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steelguy
02-02-2006, 11:53 AM
anybody use these batteries, heard they were very good, but had a boat dealer here in mi tell me that they could only be re-charged at very low amps, he did not recommend them(he also did not sell them)
just looking for some good info, and this site is gggreat for it!!!!
thanks in advance..:

dwightparks
02-02-2006, 11:57 AM
delco voyagers are excellent. Have used them for last several years. Last set I used five years with no problems

steelguy
02-02-2006, 01:31 PM
I have a ranger 621 walleye boat and it is very hard on the batteries, and try to fish three or 4 times a week, so do lots of recharging, can only seem two get about two years out of my ac delcos, was thinking of switching to the optimas just for the trolling motor batteries, and keep the ac delco for starting(that one is 4 years old and still doing fine)

Barnacle Bill
02-02-2006, 01:37 PM
There are some charging requiements. See if this helps: http://www.optimabatteries.com/publish/optima/americas0/en/config/product_info/marine/technical_specs.html

HOTSPOT
02-02-2006, 01:42 PM
Take a look at the Cabela's AGMs, they are the latest craze in batteries and I have heard nothing but good stuff from everyone that owns them.

sac-a-lait
02-02-2006, 03:02 PM
When my Optima goes (unless I get it replaced for free) I think I will try one of the Cabelas new tech batteries...

HOTSPOT
02-02-2006, 03:11 PM
Here is alittel info on AGMs.

AGM, or Absorbed Glass Mat Batteries
A newer type of sealed battery uses "Absorbed Glass Mats", or AGM between the plates. This is a very fine fiber Boron-Silicate glass mat. These type of batteries have all the advantages of gelled, but can take much more abuse. We sell the Concorde (and Lifeline, made by Concorde) AGM batteries. These are also called "starved electrolyte", as the mat is about 95% saturated rather than fully soaked. That also means that they will not leak acid even if broken.

AGM batteries have several advantages over both gelled and flooded, at about the same cost as gelled:
Since all the electrolyte (acid) is contained in the glass mats, they cannot spill, even if broken. This also means that since they are non-hazardous, the shipping costs are lower. In addition, since there is no liquid to freeze and expand, they are practically immune from freezing damage.

Nearly all AGM batteries are "recombinant" - what that means is that the Oxygen and Hydrogen recombine INSIDE the battery. These use gas phase transfer of oxygen to the negative plates to recombine them back into water while charging and prevent the loss of water through electrolysis. The recombining is typically 99+% efficient, so almost no water is lost.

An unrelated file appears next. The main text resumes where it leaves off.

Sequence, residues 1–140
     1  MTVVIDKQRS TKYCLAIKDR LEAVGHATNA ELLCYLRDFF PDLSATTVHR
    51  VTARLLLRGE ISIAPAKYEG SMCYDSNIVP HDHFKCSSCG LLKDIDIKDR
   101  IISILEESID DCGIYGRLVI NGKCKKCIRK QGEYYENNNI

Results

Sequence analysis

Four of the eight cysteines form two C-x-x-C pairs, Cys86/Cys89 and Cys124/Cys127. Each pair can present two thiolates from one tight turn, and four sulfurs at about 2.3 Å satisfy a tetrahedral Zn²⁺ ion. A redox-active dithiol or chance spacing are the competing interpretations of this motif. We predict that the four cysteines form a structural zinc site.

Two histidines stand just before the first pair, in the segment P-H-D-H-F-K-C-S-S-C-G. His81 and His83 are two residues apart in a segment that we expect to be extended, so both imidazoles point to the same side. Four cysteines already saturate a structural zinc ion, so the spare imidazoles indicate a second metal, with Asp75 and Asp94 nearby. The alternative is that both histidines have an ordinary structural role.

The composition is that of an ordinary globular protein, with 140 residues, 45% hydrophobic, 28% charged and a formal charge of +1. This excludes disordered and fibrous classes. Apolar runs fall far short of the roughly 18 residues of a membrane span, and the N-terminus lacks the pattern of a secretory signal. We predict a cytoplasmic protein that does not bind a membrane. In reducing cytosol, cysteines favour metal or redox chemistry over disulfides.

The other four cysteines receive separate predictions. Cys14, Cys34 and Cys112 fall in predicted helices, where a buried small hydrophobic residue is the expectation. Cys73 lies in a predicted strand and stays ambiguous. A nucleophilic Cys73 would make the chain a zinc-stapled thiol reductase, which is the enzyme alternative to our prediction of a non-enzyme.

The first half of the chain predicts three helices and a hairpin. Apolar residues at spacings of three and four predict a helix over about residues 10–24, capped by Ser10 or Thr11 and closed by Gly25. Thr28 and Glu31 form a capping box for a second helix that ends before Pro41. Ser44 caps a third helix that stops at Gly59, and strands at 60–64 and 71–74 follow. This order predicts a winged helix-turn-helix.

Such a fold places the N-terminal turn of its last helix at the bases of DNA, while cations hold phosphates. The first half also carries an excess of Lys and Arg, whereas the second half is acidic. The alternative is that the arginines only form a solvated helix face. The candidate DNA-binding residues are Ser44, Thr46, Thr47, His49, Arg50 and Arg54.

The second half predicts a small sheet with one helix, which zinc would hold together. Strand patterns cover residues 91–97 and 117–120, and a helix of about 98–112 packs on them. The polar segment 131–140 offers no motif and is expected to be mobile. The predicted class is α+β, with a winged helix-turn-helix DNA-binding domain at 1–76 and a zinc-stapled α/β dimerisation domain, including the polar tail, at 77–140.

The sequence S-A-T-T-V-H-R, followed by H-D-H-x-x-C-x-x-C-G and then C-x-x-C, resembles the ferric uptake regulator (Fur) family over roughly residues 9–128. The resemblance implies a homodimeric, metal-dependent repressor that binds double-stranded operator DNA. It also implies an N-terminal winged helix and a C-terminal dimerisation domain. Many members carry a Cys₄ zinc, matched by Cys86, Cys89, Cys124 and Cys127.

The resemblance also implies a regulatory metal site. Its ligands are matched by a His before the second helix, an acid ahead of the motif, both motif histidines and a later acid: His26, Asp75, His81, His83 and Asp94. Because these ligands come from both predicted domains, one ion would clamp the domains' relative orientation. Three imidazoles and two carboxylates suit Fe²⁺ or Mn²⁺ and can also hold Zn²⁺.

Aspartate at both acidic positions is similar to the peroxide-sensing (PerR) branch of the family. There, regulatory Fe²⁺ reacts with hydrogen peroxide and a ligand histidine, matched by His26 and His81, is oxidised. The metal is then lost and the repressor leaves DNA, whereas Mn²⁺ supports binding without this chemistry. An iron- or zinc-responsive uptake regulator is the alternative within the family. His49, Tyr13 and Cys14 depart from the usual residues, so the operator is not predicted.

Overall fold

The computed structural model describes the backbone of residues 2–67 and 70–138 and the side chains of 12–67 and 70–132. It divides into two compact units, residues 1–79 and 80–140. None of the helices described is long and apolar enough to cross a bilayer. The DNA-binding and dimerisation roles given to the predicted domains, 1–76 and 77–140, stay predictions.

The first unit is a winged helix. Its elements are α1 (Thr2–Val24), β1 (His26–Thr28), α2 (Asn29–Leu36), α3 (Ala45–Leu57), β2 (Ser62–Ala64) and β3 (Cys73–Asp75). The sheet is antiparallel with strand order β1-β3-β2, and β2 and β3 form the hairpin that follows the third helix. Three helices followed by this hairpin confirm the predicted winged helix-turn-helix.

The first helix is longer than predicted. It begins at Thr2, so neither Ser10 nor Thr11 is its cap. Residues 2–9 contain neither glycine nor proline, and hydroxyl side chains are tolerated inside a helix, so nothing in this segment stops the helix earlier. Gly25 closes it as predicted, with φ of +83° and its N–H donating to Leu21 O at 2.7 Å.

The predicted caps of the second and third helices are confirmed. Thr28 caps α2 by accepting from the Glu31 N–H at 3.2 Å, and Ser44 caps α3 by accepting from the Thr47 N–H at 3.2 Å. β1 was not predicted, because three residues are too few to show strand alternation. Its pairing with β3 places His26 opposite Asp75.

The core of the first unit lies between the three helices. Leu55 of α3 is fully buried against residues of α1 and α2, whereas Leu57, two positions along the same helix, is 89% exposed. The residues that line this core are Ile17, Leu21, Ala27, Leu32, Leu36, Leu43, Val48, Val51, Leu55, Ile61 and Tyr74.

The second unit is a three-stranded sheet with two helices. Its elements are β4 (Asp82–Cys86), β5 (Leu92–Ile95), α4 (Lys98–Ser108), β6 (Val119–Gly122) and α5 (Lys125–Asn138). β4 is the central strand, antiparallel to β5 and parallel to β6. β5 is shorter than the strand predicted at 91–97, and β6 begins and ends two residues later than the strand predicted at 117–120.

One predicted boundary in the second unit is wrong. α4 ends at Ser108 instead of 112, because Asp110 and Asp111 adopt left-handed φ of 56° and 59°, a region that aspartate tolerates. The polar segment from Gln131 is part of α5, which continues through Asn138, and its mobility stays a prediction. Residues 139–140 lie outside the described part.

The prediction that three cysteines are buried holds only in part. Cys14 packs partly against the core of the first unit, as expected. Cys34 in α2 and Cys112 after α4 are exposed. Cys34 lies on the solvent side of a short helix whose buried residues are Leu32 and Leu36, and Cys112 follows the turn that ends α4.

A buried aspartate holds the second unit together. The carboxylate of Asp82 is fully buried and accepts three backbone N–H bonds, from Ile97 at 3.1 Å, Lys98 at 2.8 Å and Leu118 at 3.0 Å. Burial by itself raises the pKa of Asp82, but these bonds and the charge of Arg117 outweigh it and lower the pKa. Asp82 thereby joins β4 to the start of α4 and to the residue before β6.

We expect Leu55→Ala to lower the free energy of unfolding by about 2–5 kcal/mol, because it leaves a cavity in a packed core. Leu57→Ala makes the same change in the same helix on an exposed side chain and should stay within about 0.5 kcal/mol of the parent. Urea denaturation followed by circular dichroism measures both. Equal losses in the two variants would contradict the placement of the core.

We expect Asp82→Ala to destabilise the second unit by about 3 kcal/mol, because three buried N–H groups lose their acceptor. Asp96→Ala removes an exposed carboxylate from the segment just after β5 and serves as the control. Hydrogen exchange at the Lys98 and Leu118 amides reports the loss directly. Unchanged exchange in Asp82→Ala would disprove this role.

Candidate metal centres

The charging voltages are the same as for any standard battery - no need for any special adjustments or problems with incompatible chargers or charge controls. And, since the internal resistance is extremely low, there is almost no heating of the battery even under heavy charge and discharge currents. The Concorde (and most AGM) batteries have no charge or discharge current limits.

AGM's have a very low self-discharge - from 1% to 3% per month is usual. This means that they can sit in storage for much longer periods without charging than standard batteries. The Concorde batteries can be almost fully recharged (95% or better) even after 30 days of being totally discharged.

AGM's do not have any liquid to spill, and even under severe overcharge conditions hydrogen emission is far below the 4% max specified for aircraft and enclosed spaces. The plates in AGM's are tightly packed and rigidly mounted, and will withstand shock and vibration better than any standard battery.

Even with all the advantages listed above, there is still a place for the standard flooded deep cycle battery. AGM's will cost 2 to 3 times as much as flooded batteries of the same capacity. In many installations, where the batteries are set in an area where you don't have to worry about fumes or leakage, a standard or industrial deep cycle is a better economic choice. AGM batteries main advantages are no maintenance, completely sealed against fumes, Hydrogen, or leakage, non-spilling even if they are broken, and can survive most freezes. Not everyone needs these features.

steelguy
02-02-2006, 03:27 PM
Sounds Like The Agms May Be A Better Way To Go.
Thanks For All The Reply's , Guys.
Just Love This Site!!

Darryl Morris
02-02-2006, 04:24 PM
I use an Optima Blue Top and I've never had any problem out of it, lasts a long time and charges just fine.

Larry-Southern Indiana
02-02-2006, 04:32 PM
My starting battery has been used two full seasons and my 2 trolling motor batteries were put in early last year. They charge up fine(on board charger) and have had no problems with any of them. I believe they weight a little less than many other batteries if I remember correctly.


Larry

Billy
02-02-2006, 05:37 PM
I have 2 of the blue top also. Got tired of replacing the acid filled batteries evey year or two Used Exide and Interstate but am well pleased with the Optimas so far. Havent had any trouble charging with my onboard charger. Billy

fishin3
02-02-2006, 06:36 PM
I got a blue top and love it. Just charge on 2 amp and it is usually ready in less than 6 no more than 8 hours. I will get another when and if this one goes out before I get rid of this boat.

unknown 5
02-02-2006, 07:48 PM
I have an Optima blue top. It works great for me with no problems.

stumpbumpers
02-02-2006, 08:56 PM
Well from all these replies I think I bought a bad battery. I bought one a couple years ago, when they hit the market, just to try it. Have not been impressed at all. It wouldn't hold a charge as good as other "cheap" batteries I've tried. But like I said I may try another after reading ya'll's results. Don't let one bad apple spoil the bunch.